"You have laid me under an obligation to you for life—in two senses," said his late client, taking his hand.
How lightly I valued the obligation I was conferring on my friend Mr. Charles!
"You make light of the obligation," returned Darnay, "but I will not quarrel with your light answer."
On the marriage morning, Doctor Manette had made it his one urgent and express request to Charles Darnay, that the secret of this name should be—unless he, the Doctor, dissolved the obligation—kept inviolate between them.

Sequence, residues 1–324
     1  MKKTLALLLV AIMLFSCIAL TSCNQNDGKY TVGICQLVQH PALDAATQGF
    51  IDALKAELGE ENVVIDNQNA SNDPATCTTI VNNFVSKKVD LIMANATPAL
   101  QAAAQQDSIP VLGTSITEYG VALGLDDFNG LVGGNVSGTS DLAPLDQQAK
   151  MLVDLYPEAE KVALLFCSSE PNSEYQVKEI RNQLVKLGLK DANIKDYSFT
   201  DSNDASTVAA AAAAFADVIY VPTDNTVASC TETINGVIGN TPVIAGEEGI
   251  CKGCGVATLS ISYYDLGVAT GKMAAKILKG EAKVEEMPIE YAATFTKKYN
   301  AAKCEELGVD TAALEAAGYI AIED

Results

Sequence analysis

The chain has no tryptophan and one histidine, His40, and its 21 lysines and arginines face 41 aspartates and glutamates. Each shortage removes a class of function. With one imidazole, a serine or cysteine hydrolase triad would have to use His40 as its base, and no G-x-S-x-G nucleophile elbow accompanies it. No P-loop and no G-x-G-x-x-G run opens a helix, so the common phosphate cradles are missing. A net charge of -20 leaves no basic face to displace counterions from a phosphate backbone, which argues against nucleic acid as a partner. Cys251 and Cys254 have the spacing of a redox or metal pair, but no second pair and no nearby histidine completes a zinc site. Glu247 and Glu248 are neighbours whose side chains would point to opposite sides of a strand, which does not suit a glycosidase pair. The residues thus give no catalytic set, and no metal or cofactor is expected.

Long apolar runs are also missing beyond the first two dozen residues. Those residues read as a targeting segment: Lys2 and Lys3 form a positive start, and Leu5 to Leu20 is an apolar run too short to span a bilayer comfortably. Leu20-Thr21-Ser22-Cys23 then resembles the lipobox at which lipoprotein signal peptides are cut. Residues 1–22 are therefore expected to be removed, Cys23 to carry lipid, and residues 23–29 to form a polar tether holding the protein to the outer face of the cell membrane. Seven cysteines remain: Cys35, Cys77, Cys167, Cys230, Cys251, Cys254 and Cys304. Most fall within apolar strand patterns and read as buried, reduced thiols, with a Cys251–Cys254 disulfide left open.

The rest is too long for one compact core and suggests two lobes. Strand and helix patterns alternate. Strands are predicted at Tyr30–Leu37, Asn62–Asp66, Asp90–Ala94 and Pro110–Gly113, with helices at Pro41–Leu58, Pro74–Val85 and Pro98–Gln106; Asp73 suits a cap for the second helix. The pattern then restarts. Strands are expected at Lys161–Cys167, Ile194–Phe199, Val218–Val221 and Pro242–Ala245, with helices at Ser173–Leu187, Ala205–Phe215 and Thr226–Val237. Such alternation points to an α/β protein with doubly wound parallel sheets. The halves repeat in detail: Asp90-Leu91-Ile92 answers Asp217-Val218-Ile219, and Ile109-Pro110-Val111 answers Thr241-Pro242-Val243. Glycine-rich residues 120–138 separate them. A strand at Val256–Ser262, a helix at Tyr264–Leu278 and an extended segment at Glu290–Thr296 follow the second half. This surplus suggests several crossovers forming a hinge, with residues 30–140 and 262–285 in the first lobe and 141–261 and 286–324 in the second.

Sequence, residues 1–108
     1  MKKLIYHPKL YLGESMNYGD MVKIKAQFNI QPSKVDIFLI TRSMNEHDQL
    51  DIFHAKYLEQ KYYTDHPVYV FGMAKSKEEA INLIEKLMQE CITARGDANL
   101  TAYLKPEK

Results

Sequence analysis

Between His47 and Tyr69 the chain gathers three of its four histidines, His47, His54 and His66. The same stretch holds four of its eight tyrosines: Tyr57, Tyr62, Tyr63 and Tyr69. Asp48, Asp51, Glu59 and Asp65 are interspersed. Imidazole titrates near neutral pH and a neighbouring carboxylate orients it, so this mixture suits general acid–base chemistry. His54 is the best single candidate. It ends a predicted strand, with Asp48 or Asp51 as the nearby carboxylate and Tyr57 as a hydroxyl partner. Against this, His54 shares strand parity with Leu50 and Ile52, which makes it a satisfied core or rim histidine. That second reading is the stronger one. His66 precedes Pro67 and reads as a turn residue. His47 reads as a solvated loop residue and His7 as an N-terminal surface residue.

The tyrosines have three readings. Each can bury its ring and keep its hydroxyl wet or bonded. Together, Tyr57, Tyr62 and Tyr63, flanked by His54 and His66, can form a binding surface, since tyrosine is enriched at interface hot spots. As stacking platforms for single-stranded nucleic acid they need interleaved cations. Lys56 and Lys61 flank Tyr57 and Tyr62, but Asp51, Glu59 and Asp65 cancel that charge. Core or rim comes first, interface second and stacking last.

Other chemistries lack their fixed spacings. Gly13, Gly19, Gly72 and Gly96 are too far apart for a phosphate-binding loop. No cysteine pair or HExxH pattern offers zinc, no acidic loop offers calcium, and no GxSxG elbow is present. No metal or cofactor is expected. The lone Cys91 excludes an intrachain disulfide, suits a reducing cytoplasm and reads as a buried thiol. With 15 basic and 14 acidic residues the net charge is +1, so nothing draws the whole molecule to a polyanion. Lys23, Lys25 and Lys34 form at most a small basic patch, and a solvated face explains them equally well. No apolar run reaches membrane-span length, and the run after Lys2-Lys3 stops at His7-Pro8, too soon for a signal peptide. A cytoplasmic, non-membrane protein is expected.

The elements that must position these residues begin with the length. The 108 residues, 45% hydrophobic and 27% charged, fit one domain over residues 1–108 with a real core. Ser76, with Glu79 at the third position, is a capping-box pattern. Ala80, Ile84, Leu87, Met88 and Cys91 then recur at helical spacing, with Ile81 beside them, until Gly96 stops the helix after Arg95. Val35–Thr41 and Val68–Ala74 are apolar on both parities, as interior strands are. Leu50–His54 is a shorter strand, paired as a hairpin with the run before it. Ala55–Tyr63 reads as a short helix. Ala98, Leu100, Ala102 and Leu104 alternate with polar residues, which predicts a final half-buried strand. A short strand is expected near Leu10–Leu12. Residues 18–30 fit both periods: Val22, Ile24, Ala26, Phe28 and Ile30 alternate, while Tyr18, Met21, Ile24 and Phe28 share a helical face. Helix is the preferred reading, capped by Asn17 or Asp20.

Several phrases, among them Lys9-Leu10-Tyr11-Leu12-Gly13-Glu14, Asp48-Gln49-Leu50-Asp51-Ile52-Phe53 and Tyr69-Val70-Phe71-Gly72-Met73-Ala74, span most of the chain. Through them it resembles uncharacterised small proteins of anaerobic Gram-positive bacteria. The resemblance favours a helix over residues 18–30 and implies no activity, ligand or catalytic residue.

That night—it was the fourteenth of August—he sat up late, and wrote two fervent letters; one was to Lucie, explaining the strong obligation he was under to go to Paris, and showing her, at length, the reasons that he had, for feeling confident that he could become involved in no personal danger there; the other was to the Doctor, confiding Lucie and their dear child to his care, and dwelling on the same topics with the strongest assurances.
There are no more uses of "obligation" in the book.